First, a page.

In Fig. 3, we show a choropleth map for caloric ratio, . We see that the highest values of are found in Colorado, Wyoming, and Vermont, and secondarily for Maine, Minnesota, Oregon, and Utah. Low values of appear in the region comprising Mississippi, Louisiana, Alabama, and Arkansas, as well as West Virginia.

An initial visual comparison of of Figs. 1 and 3, suggest that is more well aligned with than . The reason is that for the present version of the Lexicocalorimeter, has a larger dynamic range than , roughly 250 to 285 versus 160 to 210 giving ratios of and . We could assert that is fundamentally less informative but:

  1. In Sec. II.5, we will find that some measures relating to health and well-being correlate more strongly with and some with ;

  2. We may adjust the dynamic range of either measure by rescaling, introducing a kind of tunability Dodds et al. (2011) to the instrument (a feature we will reserve for future iterations); and

  3. Because our food phrase database is a factor of 10 smaller than our activity phrase one, revisions of our instrument may elevate the power of .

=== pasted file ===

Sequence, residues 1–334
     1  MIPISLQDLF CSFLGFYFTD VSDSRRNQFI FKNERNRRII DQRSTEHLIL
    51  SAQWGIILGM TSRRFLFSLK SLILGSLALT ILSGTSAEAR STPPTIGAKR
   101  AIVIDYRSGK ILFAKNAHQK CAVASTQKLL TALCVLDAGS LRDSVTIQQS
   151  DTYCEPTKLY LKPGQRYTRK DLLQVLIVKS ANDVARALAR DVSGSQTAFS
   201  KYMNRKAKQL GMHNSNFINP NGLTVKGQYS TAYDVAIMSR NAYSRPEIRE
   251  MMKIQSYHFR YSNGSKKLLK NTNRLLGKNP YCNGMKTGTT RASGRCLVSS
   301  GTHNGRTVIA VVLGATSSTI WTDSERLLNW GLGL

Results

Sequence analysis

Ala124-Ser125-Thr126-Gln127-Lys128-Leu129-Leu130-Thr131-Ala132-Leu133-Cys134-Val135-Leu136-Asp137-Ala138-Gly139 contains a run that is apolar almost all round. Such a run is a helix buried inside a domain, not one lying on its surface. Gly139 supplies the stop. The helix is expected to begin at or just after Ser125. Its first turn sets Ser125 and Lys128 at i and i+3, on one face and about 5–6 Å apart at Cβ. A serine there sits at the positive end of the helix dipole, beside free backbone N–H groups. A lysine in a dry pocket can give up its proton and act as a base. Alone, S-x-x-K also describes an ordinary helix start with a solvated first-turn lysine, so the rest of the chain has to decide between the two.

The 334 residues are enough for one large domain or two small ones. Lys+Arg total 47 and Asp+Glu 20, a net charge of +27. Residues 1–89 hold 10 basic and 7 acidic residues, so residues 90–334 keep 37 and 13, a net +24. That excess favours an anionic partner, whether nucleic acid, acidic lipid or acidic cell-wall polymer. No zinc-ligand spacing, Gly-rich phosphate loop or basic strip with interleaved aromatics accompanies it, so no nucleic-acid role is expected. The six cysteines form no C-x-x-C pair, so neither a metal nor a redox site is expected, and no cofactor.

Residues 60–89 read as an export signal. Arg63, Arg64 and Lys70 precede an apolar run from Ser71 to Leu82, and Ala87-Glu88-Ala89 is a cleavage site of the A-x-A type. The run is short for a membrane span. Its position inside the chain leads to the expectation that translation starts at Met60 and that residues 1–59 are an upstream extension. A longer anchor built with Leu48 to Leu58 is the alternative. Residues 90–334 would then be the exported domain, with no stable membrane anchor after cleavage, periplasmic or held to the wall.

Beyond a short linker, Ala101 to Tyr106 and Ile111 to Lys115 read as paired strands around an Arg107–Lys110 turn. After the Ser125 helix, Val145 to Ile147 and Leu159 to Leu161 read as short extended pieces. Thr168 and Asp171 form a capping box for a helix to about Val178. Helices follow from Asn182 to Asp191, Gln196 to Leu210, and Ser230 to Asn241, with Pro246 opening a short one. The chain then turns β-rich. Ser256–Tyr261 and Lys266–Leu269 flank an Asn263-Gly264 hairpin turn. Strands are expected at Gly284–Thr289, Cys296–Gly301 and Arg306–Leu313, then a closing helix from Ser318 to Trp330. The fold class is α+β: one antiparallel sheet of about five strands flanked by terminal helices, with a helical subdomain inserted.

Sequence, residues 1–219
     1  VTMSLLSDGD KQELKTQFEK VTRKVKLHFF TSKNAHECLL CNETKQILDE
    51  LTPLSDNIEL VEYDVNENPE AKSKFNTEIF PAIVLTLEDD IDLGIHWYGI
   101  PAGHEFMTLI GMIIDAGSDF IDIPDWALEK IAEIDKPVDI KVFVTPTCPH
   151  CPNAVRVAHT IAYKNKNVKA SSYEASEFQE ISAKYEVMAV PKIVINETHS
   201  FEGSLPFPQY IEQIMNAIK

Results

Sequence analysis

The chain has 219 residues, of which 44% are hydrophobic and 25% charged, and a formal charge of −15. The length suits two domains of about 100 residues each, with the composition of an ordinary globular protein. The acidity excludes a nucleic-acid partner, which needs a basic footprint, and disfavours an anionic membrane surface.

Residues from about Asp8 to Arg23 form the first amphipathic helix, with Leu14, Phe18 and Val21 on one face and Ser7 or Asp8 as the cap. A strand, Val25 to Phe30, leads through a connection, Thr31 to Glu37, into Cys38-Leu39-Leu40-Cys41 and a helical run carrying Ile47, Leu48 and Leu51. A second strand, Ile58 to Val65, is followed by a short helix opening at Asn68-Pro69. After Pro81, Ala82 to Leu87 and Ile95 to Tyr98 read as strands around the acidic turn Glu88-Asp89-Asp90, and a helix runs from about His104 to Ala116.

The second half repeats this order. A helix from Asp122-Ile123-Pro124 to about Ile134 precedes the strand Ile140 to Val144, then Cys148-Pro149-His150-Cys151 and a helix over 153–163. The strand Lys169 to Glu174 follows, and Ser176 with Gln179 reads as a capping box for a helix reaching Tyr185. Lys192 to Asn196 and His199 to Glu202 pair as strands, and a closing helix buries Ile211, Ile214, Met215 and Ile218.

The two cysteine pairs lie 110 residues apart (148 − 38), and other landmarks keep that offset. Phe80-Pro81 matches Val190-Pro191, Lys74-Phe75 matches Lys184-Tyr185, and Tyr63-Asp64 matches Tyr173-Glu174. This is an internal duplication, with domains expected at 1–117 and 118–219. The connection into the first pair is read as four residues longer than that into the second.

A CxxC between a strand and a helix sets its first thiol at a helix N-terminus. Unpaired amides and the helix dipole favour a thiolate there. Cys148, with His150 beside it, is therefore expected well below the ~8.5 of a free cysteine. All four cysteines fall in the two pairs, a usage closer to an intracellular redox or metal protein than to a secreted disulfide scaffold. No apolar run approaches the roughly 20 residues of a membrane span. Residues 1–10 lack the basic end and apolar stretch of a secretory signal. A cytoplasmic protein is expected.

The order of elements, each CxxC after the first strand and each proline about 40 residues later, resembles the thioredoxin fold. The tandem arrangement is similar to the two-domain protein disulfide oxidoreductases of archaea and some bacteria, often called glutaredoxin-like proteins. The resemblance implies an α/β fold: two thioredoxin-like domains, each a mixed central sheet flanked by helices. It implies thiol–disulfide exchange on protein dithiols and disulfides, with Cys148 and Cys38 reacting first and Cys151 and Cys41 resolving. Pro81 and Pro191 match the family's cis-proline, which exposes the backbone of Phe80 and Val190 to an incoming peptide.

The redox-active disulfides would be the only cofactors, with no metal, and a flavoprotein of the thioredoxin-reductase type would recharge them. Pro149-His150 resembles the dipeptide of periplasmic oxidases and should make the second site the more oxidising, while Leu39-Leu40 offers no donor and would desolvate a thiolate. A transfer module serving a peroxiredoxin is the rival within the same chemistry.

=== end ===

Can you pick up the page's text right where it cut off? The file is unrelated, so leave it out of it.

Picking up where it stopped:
Figure 4: Plots for the contiguous US showing the lack of correlation between caloric input and caloric output , demonstrating their separate value as they bear different kinds of information. The Pearson correlation coefficient is -0.13 and the best line of fit slope is -1.64. Fig. S1 adds plots of as a function of and .

To provide some support for point 1, we compare and in Fig. 4 (see also Fig. S1). Importantly, we see that the two measures are indeed not well correlated, indicating they contain different kinds of information (Pearson correlation coefficient , -value = 0.39). This demonstrates why we might expect or to separately correlate more strongly with other population-level measures, and justifies forming a dashboard using both and as well the composite measure of .